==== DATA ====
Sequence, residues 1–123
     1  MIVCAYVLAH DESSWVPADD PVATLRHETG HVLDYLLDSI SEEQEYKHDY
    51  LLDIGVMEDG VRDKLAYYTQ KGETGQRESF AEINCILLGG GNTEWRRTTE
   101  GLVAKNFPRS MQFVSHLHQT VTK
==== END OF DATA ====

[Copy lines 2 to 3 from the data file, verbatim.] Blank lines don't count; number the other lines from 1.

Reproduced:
     1  MIVCAYVLAH DESSWVPADD PVATLRHETG HVLDYLLDSI SEEQEYKHDY
    51  LLDIGVMEDG VRDKLAYYTQ KGETGQRESF AEINCILLGG GNTEWRRTTE